The Cedar River Water System was developed by the City of Seattle in 1895. Almost 100 percent-owned by the city and under the management of Seattle Public Utilities (SPU), the watershed encompasses 90,638 acres of pristine forest land in the Cascade Mountains.
The Cedar River Watershed along with the 12,500-acre South Fork Tolt River Watershed supply drinking water to 1.4 million people in the greater Seattle area.
Challenge: Securing a Watershed’s Critical Assets
After 9-11, the Federal Government required SPU to undertake a utility-wide assessment to identify critical assets. The assessment revealed that the protection in place on the watershed needed some improvement.
Darian Davis, SPU Security and Watershed Protection Manager, says, “We needed to track and electronically document traffic in and out of our facilities and watershed areas.”
The drinking water supply from the Cedar River is unfiltered so the watershed is completely closed to the public. No trespass of any kind is allowed. SPU was tasked with meeting Federal Critical Infrastructure Guidelines for municipal water supplies. With over 30 gate entrances on the Cedar River alone, this presented unique challenges.
After extensive research, SPU selected CyberLock to secure all the entrances to the watershed that could not be serviced with automated gates due to no available power and communication lines. In June, 2007, they proceeded to install CyberLock electronic padlocks on these remote watershed gates, storage units, and utility sheds. Since the initial installation, SPU has expanded the CyberLock system to include the 12,500-acre Tolt River Watershed due to similar challenges. A strong reason for implementing the CyberLock system was to maintain their Limited Alternative Filtration status on the Cedar.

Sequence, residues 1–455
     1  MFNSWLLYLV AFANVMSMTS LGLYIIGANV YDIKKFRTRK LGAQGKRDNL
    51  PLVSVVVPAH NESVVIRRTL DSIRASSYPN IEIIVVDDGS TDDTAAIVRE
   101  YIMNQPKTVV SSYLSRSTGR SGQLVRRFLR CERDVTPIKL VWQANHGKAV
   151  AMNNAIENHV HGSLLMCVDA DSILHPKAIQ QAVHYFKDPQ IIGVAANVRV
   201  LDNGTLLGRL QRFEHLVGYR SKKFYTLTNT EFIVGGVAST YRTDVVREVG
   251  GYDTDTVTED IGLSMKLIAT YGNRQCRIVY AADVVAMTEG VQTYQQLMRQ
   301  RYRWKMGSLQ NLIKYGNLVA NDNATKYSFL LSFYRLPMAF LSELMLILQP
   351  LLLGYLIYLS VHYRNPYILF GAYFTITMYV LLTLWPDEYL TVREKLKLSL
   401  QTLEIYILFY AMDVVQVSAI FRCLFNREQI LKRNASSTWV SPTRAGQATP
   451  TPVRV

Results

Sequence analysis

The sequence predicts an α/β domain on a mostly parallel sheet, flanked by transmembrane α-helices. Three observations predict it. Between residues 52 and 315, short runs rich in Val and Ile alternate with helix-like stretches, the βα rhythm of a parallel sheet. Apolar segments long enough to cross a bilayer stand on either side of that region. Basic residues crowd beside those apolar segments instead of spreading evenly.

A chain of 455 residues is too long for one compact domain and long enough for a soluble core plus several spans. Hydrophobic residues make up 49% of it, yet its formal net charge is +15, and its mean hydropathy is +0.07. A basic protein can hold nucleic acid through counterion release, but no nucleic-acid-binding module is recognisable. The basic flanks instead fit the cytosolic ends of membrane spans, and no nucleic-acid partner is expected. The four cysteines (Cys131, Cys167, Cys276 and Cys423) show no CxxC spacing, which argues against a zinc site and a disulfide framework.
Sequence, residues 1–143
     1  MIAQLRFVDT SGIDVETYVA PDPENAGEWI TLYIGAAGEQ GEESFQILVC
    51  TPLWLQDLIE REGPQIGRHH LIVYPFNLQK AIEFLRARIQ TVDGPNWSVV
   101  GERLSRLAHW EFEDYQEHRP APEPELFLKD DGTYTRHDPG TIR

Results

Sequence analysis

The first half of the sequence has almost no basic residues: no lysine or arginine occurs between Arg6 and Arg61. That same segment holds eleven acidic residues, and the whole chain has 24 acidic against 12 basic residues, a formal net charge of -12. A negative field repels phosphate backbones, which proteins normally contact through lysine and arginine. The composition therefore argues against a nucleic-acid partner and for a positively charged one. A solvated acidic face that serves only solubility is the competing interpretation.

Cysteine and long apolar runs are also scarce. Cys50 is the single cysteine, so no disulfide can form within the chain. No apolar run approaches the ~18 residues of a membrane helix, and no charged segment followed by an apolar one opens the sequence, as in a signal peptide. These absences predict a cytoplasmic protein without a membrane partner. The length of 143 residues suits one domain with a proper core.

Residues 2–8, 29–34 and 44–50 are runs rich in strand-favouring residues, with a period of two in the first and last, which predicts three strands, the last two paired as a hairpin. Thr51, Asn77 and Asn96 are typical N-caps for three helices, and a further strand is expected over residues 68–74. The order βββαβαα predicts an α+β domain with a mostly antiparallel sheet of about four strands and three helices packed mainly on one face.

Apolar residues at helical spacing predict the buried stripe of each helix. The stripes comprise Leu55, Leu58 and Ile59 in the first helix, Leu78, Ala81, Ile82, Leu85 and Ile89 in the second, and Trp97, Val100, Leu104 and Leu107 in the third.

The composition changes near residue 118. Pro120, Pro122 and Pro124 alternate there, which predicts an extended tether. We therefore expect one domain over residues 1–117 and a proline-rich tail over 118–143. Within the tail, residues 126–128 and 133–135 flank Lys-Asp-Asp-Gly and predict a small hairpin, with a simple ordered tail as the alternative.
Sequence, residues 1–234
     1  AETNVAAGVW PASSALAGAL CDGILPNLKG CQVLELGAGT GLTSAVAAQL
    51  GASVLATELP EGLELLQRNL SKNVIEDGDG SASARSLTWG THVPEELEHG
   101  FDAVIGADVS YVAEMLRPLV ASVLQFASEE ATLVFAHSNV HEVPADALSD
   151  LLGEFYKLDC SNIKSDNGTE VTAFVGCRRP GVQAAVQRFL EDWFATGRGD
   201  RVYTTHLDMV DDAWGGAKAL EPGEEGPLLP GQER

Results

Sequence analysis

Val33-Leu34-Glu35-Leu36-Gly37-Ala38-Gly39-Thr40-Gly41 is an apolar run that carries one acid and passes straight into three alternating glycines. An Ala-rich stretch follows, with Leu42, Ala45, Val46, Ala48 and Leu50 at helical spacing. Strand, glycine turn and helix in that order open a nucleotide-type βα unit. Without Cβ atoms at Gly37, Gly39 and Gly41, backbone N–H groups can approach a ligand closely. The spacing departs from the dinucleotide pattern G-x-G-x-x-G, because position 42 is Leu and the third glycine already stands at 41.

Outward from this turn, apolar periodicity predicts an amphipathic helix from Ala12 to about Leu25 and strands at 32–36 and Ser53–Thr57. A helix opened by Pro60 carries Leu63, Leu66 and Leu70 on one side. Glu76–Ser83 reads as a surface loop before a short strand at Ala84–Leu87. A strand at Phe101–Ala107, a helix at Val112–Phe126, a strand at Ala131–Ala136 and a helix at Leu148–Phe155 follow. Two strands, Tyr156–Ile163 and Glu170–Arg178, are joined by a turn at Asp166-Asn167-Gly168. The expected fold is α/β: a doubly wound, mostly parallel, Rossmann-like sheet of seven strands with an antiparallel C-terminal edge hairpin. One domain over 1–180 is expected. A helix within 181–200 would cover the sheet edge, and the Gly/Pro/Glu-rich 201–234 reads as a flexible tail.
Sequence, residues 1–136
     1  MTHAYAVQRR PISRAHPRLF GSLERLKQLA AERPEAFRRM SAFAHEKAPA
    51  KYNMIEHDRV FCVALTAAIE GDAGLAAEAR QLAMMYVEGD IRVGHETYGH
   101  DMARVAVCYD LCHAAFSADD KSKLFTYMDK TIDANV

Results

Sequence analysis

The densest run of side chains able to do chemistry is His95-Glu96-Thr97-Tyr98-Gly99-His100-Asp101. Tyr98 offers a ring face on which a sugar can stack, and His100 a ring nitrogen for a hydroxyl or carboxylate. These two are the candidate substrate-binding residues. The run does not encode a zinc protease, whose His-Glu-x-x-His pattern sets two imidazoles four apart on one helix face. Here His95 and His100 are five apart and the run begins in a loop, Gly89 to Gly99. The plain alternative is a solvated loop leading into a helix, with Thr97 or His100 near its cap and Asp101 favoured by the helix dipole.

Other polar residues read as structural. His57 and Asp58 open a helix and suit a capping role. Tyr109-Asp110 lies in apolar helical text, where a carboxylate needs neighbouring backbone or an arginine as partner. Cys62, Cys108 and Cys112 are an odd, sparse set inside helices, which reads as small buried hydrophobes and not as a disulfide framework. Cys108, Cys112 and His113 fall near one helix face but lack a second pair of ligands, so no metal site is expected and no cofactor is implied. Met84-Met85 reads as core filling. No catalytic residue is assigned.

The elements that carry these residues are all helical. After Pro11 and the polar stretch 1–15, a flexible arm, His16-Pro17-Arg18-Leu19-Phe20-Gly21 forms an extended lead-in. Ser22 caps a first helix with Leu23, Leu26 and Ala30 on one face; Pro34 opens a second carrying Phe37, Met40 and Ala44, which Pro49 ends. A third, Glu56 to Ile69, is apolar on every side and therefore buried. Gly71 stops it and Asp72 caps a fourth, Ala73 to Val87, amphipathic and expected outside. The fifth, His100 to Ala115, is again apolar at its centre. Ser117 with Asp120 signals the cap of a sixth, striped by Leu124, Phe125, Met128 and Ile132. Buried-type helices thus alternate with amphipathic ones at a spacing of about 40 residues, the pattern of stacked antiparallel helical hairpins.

“CyberLock helps us comply with Department of Health regulations by maintaining a closed and secure watershed,” says Davis.
The CyberLock system allows SPU additional control over the access of contractors, employees, and researchers throughout the watershed. “Being able to program each person’s electronic key to open specific locks that allow them to do their job is a real benefit. Also, the audit trail the locks and keys provide is a good investigative tool when there is an incident on watershed property,” says Davis. He adds, “CyberLock is an important part of Seattle Public Utility’s security plan-of-action that enables our watersheds to meet Federal Guidelines for securing critical infrastructure.”